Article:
Remember the golden rule, kids!

"We take great pride in extending our Southwest Hospitality to all of our Customers, which includes living by the Golden Rule and treating every individual with respect, in person or online," Mainz added.

Some people think Redford set her daughter up to be ridiculed.

They claim that naming a child ‘Abcde’ makes her an easy target to be bullied.

Others felt bad for the ‘poor kid.’

Was this an isolated incident, or will it happen again?

And some couldn’t help but make a joke.

Because someone always has to crack the joke in a situation!

They had to wonder about the name-choosing process.

How did that go down, anyways?

Some jokes got almost as much attention as the viral post.

When you’ve got a real zinger, you share it with the world, right?

Most people just worried for the child, though.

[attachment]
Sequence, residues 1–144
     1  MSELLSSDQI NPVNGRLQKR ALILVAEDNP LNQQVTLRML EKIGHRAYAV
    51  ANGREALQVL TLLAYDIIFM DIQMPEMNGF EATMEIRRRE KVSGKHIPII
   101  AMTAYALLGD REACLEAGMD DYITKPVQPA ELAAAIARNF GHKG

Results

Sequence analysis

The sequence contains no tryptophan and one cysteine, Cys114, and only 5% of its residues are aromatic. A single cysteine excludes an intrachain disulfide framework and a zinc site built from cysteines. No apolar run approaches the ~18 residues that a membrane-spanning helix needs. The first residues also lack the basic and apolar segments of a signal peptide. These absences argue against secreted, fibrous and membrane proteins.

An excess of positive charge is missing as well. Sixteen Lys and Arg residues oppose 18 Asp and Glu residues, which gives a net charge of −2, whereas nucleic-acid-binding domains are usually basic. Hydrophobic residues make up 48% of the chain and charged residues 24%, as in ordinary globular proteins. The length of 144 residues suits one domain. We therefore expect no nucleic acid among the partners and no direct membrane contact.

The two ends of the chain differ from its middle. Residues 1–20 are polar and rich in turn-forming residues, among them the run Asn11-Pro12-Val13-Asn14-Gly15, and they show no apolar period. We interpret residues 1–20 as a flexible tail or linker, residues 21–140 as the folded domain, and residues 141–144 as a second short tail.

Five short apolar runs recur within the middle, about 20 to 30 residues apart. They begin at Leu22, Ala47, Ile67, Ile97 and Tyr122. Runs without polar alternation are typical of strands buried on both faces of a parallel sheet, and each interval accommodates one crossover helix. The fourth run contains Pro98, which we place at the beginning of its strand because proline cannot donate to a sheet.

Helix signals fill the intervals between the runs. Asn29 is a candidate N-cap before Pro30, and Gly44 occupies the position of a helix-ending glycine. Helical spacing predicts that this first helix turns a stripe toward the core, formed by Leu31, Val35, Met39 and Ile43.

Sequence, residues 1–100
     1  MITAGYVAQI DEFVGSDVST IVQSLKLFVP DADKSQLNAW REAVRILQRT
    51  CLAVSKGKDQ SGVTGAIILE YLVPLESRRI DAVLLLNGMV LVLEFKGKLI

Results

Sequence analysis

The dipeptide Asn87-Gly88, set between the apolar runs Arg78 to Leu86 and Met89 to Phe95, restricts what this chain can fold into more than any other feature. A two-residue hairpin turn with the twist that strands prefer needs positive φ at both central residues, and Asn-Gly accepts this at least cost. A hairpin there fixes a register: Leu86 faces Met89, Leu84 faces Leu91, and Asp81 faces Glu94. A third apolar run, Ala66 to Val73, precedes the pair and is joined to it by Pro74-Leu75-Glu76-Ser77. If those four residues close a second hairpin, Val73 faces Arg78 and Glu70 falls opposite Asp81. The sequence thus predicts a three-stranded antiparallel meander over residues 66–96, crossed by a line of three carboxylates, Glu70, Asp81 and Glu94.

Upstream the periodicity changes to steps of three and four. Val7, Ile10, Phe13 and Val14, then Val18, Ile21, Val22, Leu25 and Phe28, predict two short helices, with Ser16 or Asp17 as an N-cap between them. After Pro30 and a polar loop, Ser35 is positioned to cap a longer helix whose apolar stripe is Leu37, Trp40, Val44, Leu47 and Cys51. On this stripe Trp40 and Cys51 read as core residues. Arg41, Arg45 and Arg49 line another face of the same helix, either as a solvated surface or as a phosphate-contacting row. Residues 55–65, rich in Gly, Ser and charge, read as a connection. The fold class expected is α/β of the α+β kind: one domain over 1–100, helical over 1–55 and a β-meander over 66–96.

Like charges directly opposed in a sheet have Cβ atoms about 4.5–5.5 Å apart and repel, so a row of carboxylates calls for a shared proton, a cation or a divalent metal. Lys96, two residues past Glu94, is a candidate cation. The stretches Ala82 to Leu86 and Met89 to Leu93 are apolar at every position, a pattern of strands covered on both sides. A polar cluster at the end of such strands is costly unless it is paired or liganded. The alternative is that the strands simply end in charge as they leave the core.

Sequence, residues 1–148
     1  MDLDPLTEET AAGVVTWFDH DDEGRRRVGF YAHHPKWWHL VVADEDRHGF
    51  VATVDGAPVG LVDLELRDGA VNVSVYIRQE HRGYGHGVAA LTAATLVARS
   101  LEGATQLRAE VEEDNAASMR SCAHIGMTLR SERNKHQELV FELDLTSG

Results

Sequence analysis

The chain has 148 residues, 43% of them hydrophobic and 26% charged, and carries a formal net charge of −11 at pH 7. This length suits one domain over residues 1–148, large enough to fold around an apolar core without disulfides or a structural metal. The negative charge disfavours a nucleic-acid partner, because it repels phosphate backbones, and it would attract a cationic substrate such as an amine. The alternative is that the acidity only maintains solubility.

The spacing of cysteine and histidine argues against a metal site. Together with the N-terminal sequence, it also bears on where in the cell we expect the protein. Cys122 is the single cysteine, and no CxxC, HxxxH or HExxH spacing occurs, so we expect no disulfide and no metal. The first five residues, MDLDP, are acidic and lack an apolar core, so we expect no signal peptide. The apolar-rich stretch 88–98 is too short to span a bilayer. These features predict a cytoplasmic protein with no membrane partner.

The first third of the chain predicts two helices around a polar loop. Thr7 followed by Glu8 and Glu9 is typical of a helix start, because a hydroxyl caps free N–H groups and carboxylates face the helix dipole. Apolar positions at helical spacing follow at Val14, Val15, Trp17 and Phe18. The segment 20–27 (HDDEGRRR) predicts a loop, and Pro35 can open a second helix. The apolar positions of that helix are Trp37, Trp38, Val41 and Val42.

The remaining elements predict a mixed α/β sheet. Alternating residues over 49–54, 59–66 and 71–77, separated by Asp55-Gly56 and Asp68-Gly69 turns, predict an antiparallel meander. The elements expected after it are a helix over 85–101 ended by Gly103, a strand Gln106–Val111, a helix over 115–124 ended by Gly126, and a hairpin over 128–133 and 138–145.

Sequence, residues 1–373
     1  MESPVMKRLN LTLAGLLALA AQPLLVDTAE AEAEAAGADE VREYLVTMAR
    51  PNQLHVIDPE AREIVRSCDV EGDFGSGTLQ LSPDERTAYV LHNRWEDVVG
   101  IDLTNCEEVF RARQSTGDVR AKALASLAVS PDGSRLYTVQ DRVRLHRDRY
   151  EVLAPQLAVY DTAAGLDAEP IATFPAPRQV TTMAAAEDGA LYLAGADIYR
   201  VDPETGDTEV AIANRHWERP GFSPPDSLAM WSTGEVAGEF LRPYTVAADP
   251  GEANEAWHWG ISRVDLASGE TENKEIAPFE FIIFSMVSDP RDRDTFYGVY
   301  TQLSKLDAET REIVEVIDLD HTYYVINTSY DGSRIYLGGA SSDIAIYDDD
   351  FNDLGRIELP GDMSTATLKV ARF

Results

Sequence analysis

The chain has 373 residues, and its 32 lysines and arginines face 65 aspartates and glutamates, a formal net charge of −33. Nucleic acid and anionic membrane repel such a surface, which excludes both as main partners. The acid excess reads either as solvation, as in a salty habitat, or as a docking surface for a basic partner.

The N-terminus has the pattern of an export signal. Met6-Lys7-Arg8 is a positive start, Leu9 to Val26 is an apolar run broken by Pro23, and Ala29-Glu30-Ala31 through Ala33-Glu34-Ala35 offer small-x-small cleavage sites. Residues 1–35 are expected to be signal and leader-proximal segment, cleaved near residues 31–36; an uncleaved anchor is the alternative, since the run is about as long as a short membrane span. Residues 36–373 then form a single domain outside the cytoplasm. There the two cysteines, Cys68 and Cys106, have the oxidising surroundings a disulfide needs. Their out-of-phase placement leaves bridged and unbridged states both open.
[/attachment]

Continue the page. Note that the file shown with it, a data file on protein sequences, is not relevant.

‘Abcde’ is very outside of the norm, after all.

But the name isn’t unheard of.

It may be unique, but there are actually a number of other people in America sharing the name ‘Abcde.’

Another girl named Abcde made headlines in 2014.

A 7-year-old autistic child named Abcde Santos drew attention when she was turned away by a mall Santa, because he was afraid of her pit bull service dog.

After that story, Vocativ did a headcount.

The website found that 328 people in the United States had the name Abcde, all of them girls and most of them minors. 

It’s a fairly new phenomenon—the median age is 7.5.

And 2009 in particular saw an all-time high in ‘Abcde’ births, with 32 babies being given the name.

Users on ‘Bump,’ a pregnancy forum website, have some thoughts on the name.

Several users have posted, claiming to have met children named Abcde in real life. Of course, several posts on the site have also declared it one of the “worst names ever."

Well, there are always nicknames.

One site, Baby Name Wizard, lists a whole bunch of nicknames for Abcde, including Ce-Ce, Sidy, Abby, Xyzzie, Aebi, and Seedy.